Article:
Time to Talk Trash!
The Shawnee National Forest Trash Problem and How You Can Help!
Let’s talk trash! Shawnee National Forest wasn’t easy to get! Way back in the day, the lands that Shawnee National Forest was once on was mainly farmland. However, erosion and lack of moisture created a very difficult challenge for locals to be able to keep and sustain valuable crops within their lands. While there is a lot of agriculture in the State of Illinois, the further south you get (especially south of Highway 13), the more of a challenge widespread crop lands become. When early settlers arrived, the area was heavily forested but back then, timbering everything wasn’t a choice, it was the only way to survive. If only the previous settlers would had preserved some virgin growth forest for all of us to enjoy (there is some out there but not a lot). The first attempt to make the Shawnee National Forest failed because early forests were more focused on mountainous regions and while the Shawnee Hills are tough, they are not exactly mountainous. After more attempts to establish a National Forest in Illinois, the Shawnee was finally born and it brought many jobs for many young men during a time when people needed every penny they could get – the depression.
I bring up the history of the Shawnee National Forest above because it means something to us all, especially those of us who are local and love our Shawnee National Forest. Trash is becoming a major issues in the forest. Some of the most scenic and popular areas of the Shawnee are being treated like a landfill. I see massive amounts of trash at Garden of Gods, Bell Smith Springs and Burden Falls. These three areas are so unique that you usually cannot find them anywhere else in the forest around us and yet people are trashing them to the point to where it is utterly disgusting to hike in some of the areas.
Trash can kill local vegetation, it can bring in nasty bugs and it makes the area look like a dump.
So what can we do to help out in this situation?
There are several ways in which we can help cope with the trash problems in the Shawnee National Forest…
If you see someone littering, don’t approach them, don’t say anything but try to get a visual description of what they look like. After that, once you can safely do so, REPORT THEM! The US Forestry Hotline for the Shawnee National Forest is 618-201-3364 and you can either call it or text it. The hotline is open 23/7/365 and information reported on it will go directly to Forest Service Federal Law Enforcement Officers. If more people report these trashy trashers, something will eventually be done about it. BUT WE NEED MASS REPORTS BECAUSE THAT IS HOW YOU DEMAND CHANGE!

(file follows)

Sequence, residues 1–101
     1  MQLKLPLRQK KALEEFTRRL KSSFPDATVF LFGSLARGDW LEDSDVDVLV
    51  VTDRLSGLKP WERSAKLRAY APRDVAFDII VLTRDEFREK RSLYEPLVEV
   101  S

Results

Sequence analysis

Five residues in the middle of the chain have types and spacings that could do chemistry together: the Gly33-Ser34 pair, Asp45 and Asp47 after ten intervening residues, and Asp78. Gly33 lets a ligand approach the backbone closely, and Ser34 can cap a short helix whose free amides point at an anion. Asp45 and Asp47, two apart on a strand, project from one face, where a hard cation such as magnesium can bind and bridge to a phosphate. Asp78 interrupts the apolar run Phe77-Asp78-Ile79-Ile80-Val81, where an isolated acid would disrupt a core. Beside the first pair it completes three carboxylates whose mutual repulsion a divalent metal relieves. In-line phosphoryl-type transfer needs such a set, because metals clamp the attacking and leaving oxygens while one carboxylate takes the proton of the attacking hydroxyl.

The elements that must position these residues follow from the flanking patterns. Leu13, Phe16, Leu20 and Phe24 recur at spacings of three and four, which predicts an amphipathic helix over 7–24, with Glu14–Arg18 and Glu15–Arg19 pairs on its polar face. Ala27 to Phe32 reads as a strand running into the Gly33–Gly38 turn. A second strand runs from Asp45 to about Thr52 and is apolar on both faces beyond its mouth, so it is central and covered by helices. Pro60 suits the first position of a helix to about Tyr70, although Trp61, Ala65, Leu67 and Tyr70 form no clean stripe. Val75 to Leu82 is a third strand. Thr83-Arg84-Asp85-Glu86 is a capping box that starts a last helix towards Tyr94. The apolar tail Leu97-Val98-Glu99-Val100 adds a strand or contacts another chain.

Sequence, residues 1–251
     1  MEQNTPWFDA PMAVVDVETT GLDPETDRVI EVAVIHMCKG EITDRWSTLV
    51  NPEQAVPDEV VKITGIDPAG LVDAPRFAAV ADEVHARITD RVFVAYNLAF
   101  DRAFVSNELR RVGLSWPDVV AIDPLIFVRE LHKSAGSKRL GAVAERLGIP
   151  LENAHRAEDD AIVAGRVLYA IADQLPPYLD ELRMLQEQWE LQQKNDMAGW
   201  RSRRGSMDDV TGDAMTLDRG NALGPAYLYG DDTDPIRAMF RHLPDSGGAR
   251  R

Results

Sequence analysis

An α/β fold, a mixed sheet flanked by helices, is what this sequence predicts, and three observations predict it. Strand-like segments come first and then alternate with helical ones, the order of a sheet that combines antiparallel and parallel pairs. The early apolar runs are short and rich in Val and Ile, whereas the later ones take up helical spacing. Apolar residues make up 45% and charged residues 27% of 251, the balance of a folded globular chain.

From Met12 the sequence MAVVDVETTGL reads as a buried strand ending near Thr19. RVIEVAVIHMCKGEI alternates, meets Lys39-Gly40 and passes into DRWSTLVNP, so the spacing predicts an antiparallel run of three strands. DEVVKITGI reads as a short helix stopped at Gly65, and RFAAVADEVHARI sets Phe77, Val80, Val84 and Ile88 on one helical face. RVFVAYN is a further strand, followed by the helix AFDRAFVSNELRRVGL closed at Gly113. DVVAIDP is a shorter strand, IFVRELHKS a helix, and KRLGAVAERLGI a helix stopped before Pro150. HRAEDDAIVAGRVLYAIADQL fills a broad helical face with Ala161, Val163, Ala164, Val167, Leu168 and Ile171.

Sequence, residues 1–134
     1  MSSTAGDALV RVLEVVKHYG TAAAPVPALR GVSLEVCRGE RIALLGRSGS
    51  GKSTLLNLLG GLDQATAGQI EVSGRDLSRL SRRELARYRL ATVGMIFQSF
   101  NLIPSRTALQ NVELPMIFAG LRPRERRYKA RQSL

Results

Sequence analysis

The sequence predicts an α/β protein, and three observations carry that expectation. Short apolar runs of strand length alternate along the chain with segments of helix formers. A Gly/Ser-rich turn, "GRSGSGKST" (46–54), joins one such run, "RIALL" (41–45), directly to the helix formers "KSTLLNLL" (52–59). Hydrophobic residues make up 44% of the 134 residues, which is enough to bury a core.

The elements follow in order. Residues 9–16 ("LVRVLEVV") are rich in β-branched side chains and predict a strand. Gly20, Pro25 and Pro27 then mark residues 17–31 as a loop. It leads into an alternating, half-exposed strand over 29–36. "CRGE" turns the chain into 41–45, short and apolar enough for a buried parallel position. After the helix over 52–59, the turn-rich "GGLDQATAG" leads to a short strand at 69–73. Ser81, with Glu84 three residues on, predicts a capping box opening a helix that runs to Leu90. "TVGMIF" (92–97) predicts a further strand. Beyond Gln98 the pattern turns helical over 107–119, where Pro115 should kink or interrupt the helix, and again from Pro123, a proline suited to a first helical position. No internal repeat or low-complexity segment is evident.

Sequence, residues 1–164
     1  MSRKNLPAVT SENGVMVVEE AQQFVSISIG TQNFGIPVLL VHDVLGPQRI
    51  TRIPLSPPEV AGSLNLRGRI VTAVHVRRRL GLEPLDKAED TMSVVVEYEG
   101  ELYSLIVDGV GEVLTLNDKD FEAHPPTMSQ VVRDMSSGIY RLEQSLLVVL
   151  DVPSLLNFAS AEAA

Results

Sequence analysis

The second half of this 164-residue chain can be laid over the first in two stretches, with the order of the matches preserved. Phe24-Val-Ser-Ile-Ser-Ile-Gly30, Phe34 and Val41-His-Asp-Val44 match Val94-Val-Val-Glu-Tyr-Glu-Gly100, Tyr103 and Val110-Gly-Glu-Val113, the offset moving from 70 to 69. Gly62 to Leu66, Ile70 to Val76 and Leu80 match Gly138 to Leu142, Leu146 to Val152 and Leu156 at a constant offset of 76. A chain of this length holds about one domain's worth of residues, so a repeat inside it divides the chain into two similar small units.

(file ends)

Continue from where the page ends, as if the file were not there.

Help pick the trash up. I hiked with a friend named Mary at Snake Road. The entire time we hiked, looking for herps, she would scan the area and look for trash. Then if she saw some, she’d go pick it up and stick it in her bag. She’d even go off the road and into the brush to get the trash – ON SNAKE ROAD!!! Now she was using caution because there obviously are snakes present there. So if you do decide to help clean up trash, do use caution and know where you are sticking your hand down into. And don’t worry if you can’t get all the trash because there are tons of people that will follow behind you and get it for you. The trash collectors of the Shawnee National Forest are my heroes! 🙂
If you have children and teenagers who often visit the forest, remind them that littering is wrong. Be firm about it and tell them that you do not allow them to litter. And youths are not the only ones that I have seen littering. I’ve seen adults do it, too. There is NO EXCUSE for leaving trash behind. If it is too much for you to carry out of the forest, don’t carry it into the forest in the first place. How would you like it if someone littered their trash in your backyard. The forest is the backyard of all of us – treat it like one!
Thanks for reading my short little blog post about the talk trash problem of the Shawnee National Forest. If you have enjoyed reading it, please share it on social media. Feel free to comment down below telling me your thoughts and other solutions in dealing with the trash of the Shawnee National Forest.
Shawn J. Gossman